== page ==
Hinkley C decision heralds UK nuclear renaissance

Published:  20 September, 2016

The UK government’s much delayed decision to proceed with the country’s first nuclear power station in a generation has been welcomed by IChemE.

The agreement, which is still to be confirmed in an exchange of letters between the government and EDF, will give a green light to the construction of a new 3.2GW power station at Hinkley point in Somerset, UK. The £20bn project is based around two pressurised water reactors designed by Areva and will create 25,000 jobs across the nuclear supply chain during the construction phase.

Following a review by new UK Secretary of State for Business, Energy and Industrial Strategy, The Rt Hon Greg Clark MP, additional contract terms have been stipulated. The new clauses are designed to enhance security and ensure that the power station cannot change hands without the UK government’s agreement. In future, operators of nuclear sites, including EDF, will be mandated to give notice of any proposed change of ownership to the Office of Nuclear Development. This will provide a window for further scrutiny by the UK government and the potential for a veto to be applied where ministers believe that national security may be compromised.

IChemE's Nuclear Technology Special Interest Group Chair, Lisa Hughes, said:

"UK government approval for this crucial energy project is great news. Nuclear power is a key reliable base load component of a balanced, low carbon energy mix. Chemical engineers are ready to support the delivery of Hinkley C, and the proposed developments by NUGEN and Horizon."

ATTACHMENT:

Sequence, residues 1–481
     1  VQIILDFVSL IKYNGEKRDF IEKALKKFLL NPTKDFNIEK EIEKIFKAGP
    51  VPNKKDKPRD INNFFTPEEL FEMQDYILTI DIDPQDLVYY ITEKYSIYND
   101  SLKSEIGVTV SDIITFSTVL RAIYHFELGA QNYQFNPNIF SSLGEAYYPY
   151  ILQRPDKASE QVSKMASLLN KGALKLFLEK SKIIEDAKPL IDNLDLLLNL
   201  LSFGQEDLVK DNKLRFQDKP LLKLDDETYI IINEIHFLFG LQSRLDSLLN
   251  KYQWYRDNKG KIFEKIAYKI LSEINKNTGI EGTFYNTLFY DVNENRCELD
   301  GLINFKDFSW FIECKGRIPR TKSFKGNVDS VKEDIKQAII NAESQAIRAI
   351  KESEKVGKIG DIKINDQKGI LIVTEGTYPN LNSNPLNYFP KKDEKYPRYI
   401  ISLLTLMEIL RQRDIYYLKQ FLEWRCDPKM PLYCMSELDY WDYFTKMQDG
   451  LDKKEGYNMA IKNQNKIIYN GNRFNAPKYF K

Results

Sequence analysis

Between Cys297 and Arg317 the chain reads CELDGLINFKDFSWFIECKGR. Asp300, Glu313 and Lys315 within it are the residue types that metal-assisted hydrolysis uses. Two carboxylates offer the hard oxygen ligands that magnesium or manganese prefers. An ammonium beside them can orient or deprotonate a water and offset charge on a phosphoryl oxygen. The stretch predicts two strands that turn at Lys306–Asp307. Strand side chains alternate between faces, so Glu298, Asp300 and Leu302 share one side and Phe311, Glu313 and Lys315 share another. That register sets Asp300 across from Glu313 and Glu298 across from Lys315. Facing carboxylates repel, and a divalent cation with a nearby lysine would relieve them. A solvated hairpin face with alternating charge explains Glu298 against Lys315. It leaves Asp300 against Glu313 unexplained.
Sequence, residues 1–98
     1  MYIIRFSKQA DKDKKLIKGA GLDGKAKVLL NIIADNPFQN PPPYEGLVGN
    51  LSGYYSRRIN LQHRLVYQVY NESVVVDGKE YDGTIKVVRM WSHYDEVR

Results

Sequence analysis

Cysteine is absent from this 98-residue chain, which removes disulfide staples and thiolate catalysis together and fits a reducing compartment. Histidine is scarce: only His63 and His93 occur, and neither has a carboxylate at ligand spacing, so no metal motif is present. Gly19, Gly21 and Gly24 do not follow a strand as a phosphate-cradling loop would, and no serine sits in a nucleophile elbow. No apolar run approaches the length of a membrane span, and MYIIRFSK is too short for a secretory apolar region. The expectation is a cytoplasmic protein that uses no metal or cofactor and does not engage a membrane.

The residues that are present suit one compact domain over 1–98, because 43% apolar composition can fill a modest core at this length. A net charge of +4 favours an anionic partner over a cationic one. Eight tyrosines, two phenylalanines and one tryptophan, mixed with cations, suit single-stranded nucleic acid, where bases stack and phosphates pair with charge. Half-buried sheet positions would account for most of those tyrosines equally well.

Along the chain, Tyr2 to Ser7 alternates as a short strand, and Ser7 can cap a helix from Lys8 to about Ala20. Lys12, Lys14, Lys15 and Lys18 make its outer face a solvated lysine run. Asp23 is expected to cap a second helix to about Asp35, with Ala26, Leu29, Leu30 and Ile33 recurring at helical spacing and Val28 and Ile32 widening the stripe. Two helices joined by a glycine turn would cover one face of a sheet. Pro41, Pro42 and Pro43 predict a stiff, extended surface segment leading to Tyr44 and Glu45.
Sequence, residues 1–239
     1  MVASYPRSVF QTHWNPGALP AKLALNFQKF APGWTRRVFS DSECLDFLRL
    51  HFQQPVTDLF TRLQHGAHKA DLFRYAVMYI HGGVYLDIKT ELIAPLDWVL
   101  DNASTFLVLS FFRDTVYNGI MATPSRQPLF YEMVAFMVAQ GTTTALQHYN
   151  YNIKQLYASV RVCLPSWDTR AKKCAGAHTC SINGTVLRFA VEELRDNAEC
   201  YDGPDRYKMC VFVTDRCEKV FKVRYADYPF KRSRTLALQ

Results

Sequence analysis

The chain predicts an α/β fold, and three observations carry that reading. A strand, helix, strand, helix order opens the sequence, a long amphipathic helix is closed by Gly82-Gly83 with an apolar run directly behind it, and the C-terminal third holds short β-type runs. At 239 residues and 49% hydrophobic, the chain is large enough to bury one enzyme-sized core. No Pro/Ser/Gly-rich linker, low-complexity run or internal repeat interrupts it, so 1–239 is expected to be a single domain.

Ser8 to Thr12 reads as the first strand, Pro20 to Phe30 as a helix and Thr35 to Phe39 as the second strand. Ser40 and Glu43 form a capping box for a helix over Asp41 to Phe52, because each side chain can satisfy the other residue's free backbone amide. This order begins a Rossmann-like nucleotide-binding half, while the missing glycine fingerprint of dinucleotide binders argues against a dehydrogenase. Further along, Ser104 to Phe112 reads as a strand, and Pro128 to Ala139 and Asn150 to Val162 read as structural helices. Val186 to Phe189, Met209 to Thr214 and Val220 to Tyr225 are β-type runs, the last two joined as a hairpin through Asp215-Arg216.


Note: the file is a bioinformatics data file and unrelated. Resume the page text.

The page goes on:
IChemE’s director of communication, Andrew Furlong said:

“Modern economies need a balanced portfolio of electricity generation and chemical engineers play a central role in the design and operation of power plants, including nuclear, gas and renewables. We have the capability to deliver safe and sustainable energy solutions, but market confidence is essential otherwise nothing gets done.

Hinkley C will ultimately supply 7% of the nation’s electricity needs. This decision could herald the UK’s long awaited nuclear renaissance and sends a powerful signal about the government’s commitment to nuclear power – subject to adequate safeguards being in place.

The hard work can now begin on design, procurement and construction. Lessons will be learned from EDF’s experiences in France and Finland. IChemE will work with the nuclear industry to deliver the education, training and skills that are needed to support a complex supply chain that will to create thousands of jobs, including many roles for skilled chemical and process engineers.”

The announcement will help to get UK’s carbon reduction strategy back on track. Alongside renewables and other emerging energy technologies, as discussed at the IChemE Energy Centre’s Low Carbon Summit on Friday 9 September 2016, the low-carbon baseload electricity generated at Hinkley C is expected to make a vital contribution to the UK’s Fifth Carbon Budget. This commits the UK to a largely decarbonised electricity supply by 2030.

IChemE also believes that the decision is good news for the nuclear industry more widely. A total of 16GW is now planned, or in the pipeline, including the Hitachi-Horizon proposal for three advanced boiling water reactors at Oldbury on the River Severn and Wylfa on the Isle of Anglesey in North Wales, and the NuGen proposal to build three pressurised water reactors near Sellafield in Cumbria.

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